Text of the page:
The yoatzot use the hotline as a way to tackle what Tirza Kelman, a veteran yoetzet halacha and the manager of the program’s Hebrew Facebook page, describes as the biggest difficulty in observing the laws: The gap between actual halacha and many women’s perception of it. Many women assume that the laws are strict and uncompromising, while in fact rabbis try to be as lenient as possible. This gap, says Tirza, “causes many women to be stringent in cases where there is no halachik need to be stringent, and sometimes also to give up things that have halachik importance because of things that have less halachik importance.”

A friend of mine discovered this gap on the eve of her wedding. She forgot to count days, and assumed she was impure. She prepared herself to start her married life without touching her groom. When her kallah instructor called the hotline for her, Tirza found leniencies she could rely on, and my relieved friend was spared the ordeal of a “Chupat Niddah“.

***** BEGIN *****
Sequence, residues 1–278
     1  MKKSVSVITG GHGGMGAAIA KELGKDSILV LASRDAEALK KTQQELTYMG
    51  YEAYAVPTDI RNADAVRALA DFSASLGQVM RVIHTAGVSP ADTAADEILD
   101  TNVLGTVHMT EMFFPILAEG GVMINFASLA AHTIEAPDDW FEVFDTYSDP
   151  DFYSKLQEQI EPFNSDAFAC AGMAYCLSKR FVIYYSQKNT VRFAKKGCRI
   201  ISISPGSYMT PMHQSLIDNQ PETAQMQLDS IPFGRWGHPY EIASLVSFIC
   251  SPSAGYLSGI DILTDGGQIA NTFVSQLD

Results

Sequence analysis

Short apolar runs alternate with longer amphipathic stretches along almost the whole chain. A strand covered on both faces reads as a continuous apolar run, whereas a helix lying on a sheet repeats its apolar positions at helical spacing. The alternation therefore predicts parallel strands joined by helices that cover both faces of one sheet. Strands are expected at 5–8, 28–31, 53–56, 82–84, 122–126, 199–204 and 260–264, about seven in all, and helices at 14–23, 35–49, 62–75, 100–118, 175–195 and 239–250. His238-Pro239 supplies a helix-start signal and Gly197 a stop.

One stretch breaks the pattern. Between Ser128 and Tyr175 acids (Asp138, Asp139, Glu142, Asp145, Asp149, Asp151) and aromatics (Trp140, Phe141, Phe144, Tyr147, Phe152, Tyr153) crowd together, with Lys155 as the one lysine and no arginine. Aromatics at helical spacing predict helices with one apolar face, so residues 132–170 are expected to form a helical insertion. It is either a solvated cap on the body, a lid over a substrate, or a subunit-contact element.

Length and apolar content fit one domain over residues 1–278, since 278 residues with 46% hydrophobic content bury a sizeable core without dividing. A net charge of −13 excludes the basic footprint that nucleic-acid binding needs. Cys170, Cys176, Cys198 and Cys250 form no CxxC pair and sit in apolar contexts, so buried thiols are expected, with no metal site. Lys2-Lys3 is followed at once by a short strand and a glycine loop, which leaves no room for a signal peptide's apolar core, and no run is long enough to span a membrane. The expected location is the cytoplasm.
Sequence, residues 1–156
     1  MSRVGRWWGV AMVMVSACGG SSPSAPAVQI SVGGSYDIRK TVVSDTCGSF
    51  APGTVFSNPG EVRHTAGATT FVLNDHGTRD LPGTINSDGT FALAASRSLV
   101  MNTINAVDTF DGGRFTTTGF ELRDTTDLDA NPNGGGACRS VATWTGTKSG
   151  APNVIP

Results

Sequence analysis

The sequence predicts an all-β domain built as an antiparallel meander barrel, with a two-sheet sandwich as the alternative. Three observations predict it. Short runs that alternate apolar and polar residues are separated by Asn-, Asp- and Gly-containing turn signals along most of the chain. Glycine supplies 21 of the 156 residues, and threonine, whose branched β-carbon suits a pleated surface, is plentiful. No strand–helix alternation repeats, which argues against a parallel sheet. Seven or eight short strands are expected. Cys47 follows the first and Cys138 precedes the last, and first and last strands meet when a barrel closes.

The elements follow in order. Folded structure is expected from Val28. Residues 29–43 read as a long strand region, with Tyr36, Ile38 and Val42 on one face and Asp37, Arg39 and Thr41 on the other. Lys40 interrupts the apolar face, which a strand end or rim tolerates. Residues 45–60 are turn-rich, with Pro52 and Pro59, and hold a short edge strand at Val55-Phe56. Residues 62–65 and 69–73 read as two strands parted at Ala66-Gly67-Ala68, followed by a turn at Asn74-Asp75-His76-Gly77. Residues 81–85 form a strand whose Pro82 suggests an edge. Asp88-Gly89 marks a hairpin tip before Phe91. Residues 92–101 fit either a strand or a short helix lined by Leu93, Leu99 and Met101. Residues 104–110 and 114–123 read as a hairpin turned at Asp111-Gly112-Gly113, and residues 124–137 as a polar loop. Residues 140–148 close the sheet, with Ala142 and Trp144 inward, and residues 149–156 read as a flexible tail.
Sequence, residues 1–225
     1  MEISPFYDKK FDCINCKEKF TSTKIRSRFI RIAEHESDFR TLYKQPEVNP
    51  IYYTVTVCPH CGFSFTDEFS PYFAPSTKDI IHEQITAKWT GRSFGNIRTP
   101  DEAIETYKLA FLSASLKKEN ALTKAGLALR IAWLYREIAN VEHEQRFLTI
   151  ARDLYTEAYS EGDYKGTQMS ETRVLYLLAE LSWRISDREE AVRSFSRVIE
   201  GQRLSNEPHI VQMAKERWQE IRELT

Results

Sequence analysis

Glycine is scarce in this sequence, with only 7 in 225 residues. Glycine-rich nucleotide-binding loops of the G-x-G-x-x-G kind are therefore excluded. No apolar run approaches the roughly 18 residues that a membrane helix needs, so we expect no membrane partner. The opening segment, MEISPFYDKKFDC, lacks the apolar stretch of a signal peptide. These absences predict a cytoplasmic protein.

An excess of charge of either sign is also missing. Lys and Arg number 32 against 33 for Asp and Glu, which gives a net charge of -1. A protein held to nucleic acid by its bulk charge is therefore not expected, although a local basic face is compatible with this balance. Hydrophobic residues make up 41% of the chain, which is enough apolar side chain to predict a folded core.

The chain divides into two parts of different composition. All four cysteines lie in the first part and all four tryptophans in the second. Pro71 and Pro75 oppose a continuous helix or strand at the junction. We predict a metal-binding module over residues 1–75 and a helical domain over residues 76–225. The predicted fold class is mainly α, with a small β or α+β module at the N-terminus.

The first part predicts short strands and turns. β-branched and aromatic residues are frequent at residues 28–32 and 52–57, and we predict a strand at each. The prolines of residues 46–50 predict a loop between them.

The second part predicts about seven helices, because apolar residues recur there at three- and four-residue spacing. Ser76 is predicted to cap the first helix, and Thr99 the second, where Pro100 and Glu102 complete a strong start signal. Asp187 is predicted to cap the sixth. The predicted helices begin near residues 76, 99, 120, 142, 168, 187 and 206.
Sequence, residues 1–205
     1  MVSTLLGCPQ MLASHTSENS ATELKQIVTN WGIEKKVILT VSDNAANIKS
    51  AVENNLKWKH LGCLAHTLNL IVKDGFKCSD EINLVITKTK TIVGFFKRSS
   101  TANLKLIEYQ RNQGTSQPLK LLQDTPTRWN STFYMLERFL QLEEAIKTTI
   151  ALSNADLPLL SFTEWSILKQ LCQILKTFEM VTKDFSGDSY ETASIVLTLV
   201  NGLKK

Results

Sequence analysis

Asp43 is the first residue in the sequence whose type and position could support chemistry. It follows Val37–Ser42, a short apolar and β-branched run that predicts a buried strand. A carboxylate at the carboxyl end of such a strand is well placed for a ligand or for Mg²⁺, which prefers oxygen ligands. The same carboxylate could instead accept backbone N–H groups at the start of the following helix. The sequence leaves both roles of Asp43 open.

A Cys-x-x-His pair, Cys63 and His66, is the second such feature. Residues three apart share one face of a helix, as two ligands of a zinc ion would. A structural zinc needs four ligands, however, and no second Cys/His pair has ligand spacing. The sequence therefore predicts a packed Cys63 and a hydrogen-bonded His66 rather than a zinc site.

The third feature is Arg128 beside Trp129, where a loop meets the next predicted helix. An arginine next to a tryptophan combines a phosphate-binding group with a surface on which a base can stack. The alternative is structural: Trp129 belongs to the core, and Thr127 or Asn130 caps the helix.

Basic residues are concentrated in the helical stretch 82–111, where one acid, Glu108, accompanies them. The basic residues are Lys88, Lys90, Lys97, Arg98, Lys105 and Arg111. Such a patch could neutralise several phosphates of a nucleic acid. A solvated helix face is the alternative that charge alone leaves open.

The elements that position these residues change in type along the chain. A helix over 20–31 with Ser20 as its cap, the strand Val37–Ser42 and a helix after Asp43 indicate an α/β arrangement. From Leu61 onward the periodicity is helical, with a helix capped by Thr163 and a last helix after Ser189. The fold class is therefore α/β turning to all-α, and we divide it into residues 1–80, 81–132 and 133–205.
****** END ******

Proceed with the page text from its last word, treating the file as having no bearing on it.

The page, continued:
The yoatzot urge women to call and ask, instead of assuming that they’re “not pure” when in doubt. Many women, says Robin, don’t seek solutions and leniencies because they feel like it’s taking the easy way out. But being too stringent, and thus refraining from physical intimacy too often, goes against an important halachik principle as well. “The halacha was created as a blueprint for a way to enhance your married life and enhance shalom bait. I’m not looking to be mekel (lenient) in taharat hamishpacha, I’m looking to be machmir (stringent) in shalom bait.” The yoatzot teach women how to avoid impurity and offer solutions for specific problems. “Over the years I have been very impressed with their sound advice, and hakalot (leniencies) that I had no idea existed,” remarks Leah, a frequent caller to the hotline. The yoatzot she spoke to over the years “very often give tools to analyze situations better.”